Wednesday, April 25, 2007

HUMAN RIGHTS FOR ROBOTS?


The photograph shows Wu Yulu, a farmer from Beijing, who has made 25 robots out of things he found in a tip. Each one did a different task. He called his robots 'sons' but, unfortunately, since a fire destroyed his home, he has had to sell them to try to rebuild! (Google/China Daily)

This tragedy seems to be echoed in a U.K. report issued by the Office of Science and Innovation which, after looking at the robotic industry, somberly declared: "If artificial intelligence is achieved and widely deployed, calls may be made for human rights to be extended to robots." (Al Jazeerah)

Now, call me a stirrer and a malcontent if you will, but many humans in this world have no rights at all (except perhaps the right to starve to death while they live in abject poverty) and those who have some rights, in some countries (like America), are quickly losing them.

So why then are so-called intelligent people using taxpayers money to sit around and ponder the farcical question of whether future robots should be given human rights? And if they are, will robots end up having more rights than humans?

Perhaps you can work it out. I can't!

6 comments:

betmo said...

"So why then are so-called intelligent people using taxpayers money to sit around and ponder the farcical question of whether future robots should be given human rights?"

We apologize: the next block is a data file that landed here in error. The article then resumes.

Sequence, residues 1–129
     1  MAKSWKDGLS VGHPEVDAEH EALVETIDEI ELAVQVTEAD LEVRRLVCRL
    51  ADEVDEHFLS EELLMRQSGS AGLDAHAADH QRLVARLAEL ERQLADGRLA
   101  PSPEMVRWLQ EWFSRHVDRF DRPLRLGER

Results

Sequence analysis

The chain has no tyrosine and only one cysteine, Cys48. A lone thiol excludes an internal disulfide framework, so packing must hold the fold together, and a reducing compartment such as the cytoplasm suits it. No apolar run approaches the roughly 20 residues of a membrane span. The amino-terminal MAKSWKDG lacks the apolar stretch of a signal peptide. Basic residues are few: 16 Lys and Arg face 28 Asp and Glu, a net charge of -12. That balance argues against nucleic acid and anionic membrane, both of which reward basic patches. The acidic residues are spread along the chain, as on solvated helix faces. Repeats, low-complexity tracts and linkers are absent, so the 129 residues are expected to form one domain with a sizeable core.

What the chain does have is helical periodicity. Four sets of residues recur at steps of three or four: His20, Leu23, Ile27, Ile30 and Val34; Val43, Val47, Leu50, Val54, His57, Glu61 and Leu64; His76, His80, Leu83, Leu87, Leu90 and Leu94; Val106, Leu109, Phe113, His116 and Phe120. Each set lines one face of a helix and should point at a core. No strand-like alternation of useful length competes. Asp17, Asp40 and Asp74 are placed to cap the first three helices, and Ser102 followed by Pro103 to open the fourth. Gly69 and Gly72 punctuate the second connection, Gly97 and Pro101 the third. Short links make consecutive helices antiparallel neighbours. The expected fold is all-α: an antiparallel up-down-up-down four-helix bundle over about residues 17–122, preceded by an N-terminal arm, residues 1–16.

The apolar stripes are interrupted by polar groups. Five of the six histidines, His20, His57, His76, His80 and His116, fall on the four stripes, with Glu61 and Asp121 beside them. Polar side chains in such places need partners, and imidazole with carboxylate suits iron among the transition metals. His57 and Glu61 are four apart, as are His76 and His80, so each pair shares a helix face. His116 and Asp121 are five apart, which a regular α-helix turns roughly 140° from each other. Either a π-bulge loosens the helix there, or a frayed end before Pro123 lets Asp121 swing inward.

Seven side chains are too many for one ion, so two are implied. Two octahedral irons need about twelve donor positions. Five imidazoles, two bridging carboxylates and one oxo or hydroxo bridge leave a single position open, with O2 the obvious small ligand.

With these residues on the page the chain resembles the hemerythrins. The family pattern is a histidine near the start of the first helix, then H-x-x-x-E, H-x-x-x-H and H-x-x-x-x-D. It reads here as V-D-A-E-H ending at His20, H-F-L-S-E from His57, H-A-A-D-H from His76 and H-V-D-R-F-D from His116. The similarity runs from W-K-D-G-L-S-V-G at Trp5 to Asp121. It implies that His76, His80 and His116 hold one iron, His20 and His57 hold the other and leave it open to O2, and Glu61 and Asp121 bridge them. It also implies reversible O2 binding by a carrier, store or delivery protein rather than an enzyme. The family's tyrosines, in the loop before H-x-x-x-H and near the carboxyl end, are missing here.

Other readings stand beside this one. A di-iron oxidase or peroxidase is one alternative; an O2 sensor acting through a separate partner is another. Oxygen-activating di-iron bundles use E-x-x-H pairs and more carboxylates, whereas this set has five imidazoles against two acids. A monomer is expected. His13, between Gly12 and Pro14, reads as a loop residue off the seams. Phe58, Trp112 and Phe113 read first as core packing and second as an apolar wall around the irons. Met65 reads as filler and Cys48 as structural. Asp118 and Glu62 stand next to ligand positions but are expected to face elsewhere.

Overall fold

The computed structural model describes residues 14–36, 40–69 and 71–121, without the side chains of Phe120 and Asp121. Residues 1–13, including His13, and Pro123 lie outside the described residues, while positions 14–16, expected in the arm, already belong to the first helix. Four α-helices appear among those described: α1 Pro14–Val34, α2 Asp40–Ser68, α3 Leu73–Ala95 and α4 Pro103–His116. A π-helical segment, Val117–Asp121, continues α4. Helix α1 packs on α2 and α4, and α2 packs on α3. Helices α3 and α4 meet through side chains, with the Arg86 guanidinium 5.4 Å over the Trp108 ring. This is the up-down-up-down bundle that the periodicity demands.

because they can.

Worried said...

Human capability for inanity is beyond comprehension. It would not surprise me at all if someday robots were given human rights - probably MORE than real humans because the robots were a minority.
That is not directed towards minority HUMANS as a slam, either.

Daniel said...

The human capability for inanity is infinite, Worried. I even know someone who claims to be a psychologist who cannot accept that human beings are deeply flawed and are capable of incredible evil. What can you do?

Cheers!

Daniel said...

Betmo, I suppose the same thing applies to the dropping of nukes: because they can!

Kvatch said...

On the other hand, what a lesson in "rendering unto Ceasar"? What better demonstration of the abysmal state of human rights than for us to recognize rights for robots without first recognizing the rights of our own species.

Would it change anything? I'd like to think so.

Daniel said...

Kvatch, some unkind persons might say that most humans are robots anyway. They produce and consume without question, much like battery hens!

Cheers!

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